Hypersonic ReEntry Deployable Glider Experiment (HEDGE); The Impact of Cost Plus and Industry Consolidation on the US Defense Sector

Stoner, Jackson, School of Engineering and Applied Science, University of Virginia
Forelle, MC, EN-Engineering and Society, University of Virginia
Goyne, Chris, EN-Mech & Aero Engr Dept, University of Virginia

Both the STS and technical portions of this paper concern the US defense industry, an area that is responsible for much of the research taking place in the Aerospace field. The Hypersonic Reentry Deployable Glider Experiment (HEDGE) is an attempt to develop an improved method for collecting hypersonic data. The STS portion investigates the impact of cost plus and industry consolidation on innovation in the US defense sector.

Developing hypersonic vehicles (a vehicle able to travel more than 5 times the speed of sound) is an area of primary interest to the US government and the defense sector. However, despite its importance, military and intelligence analysts widely believe that the US has fallen behind both China and Russia in developing hypersonic technology. As such, the technical portion of this paper is directly pertinent to the STS aspect that addresses how the current structure of the US defense industry may be hindering innovation. Hypersonics is not only an area of technical research within the defense sector but serves as an example of slow development progress in a modern defense project.

Why is hypersonic technology so important? Primarily because hypersonic weapons are so difficult to defend against. If an aircraft or missile is traveling fast enough, it becomes almost impossible to shoot down and it’s time to impact significantly reduces an adversary’s ability to react. Hypersonic weapons are also increasingly effective if an adversary does not possess them since an intercepting missile needs to travel faster than whatever weapon it is intended to shoot down. For this reason, the US and geopolitical rivals are investing billions to make missiles and aircraft fly ever faster.

The technical portion of this paper concerns the development of HEDGE, which can be used to collect hypersonic data in a more cost-effective manner than the current status quo. HEDGE is a cube sat (a small satellite, that can be as small as 10x10x10 cm) that will be launched into orbit aboard a rocket and will reenter the earth at hypersonic speeds. During reentry, the HEDGE vehicle will collect temperature and pressure data and transmit this data with an antenna to the iridium satellite constellation until the vehicle’s eventual burnup upon reentry. This concept can then be used to collect data on different materials in a hypersonic environment The current projected cost of the program is $55,800, far below the >$1 million price tag associated with most hypersonic experiments today.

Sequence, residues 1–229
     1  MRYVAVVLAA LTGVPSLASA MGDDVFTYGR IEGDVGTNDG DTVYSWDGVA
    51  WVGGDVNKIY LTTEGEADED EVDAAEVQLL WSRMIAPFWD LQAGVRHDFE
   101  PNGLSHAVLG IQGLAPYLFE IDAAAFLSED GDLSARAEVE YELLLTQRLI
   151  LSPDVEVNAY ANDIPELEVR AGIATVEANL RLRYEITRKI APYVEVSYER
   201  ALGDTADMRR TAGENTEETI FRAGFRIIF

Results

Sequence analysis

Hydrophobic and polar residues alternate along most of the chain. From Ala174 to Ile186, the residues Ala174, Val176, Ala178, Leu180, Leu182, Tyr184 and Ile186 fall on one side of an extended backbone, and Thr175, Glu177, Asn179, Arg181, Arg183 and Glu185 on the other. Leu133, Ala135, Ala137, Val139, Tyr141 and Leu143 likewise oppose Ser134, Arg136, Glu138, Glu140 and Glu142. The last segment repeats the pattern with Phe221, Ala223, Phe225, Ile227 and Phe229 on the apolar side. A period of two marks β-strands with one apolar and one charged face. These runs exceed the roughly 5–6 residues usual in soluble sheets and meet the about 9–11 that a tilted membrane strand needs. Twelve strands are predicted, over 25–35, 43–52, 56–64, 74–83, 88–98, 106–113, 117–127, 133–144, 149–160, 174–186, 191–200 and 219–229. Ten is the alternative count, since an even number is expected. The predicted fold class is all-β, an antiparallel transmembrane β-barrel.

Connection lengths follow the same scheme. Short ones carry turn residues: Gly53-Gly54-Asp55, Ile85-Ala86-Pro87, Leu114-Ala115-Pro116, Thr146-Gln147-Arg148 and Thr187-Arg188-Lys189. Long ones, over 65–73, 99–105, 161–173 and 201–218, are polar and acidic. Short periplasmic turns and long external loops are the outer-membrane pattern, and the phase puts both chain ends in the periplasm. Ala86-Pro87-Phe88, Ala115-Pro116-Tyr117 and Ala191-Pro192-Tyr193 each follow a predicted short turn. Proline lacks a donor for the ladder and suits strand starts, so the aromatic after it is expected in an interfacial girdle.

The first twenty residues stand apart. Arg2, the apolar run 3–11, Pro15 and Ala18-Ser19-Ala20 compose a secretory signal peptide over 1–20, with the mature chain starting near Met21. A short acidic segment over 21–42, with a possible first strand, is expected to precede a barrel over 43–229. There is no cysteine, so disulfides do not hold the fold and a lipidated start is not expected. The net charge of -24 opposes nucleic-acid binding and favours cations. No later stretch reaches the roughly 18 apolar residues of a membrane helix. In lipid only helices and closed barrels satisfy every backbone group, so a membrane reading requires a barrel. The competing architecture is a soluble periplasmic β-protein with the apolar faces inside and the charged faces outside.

The STS portion of this paper investigates the impact of cost plus and industry consolidation on the development of technology in the defense space. These are factors that are uniquely prevalent in defense and may be at least partially responsible for a slowdown in the development of new technology following the cold war. The reduced pace in developing new technologies is an issue that is increasingly highlighted by members of the DOD, former executives in the defense space and investors. For this reason, the STS portion of this paper should be pertinent to the conversation around how defense procurement should work moving forward. The Actor-Network STS framework is employed to show how the interactions between players in the defense industry contribute to the outcomes we see today regarding the development of new technology.

There are several benefits that came from working on both the technical and STS portion of this paper simultaneously. The first and simplest is simply that working on a hypersonic project demonstrated how unbelievably difficult some of the problems being tackled in the defense space are to solve. Within the thermal group on HEDGE, predicting the time until the space craft burns up is a problem that is near impossible to solve until a physical prototype is launched. There are simply too many changing variables to produce an accurate model. There are a myriad of other problems like this encountered by both the thermal and all the other subsystem teams involved in the development of HEDGE. At the same time, it is also apparent how little progress has been made in this domain over the past 4 decades. Many papers we used to inform are thinking came from the 60s or 70s and studies with relevant data are often few and far between. Contrast this to a field like software engineering where so much progress has been made in just the last 10 years and it paints a quite stark picture. This supports the view put forth in the STS portion of the paper. Finally, I think working on HEDGE and a defense focused paper at the same time helped with idea generation. In class we have had defense professionals speak to us and their comments often pointed me in the right direction for research. For this, I owe all those who spoke in class a thank you.

BS (Bachelor of Science)
Defense Industry, Actor Network Theory, Cost-Plus, Industry Consolidation, Aerospace, Hypersonic, CubeSat

School of Engineering and Applied Science
Bachelor of Science in Aerospace Engineering
Technical Advisor: Christopher Goyne
STS Advisor: MC Forelle
Technical Team Members: Joseph Abbe, Dick Doyle, Samuel Kristy, Matthew Quiram, Hussain Asaad, Grant Duemmel, Joseph Lee, Kaiya Saunders, Danielle Ashbahian, Daniel Fisher, Aaron Liu, Jackson Stoner, Joseph Beasley, Avery Goldberg, Hong Ji Liu, Nicholas Storey, Zachary Carroll, Nicholas Haddad, Lauren Murphy, Lucas Talbert, Aidan Case, Spencer Harris, Corin Myers, Thomas Yin, Andrew Culbertson, Sean Jones, Kevin Nguyen, Mateo Nguyen

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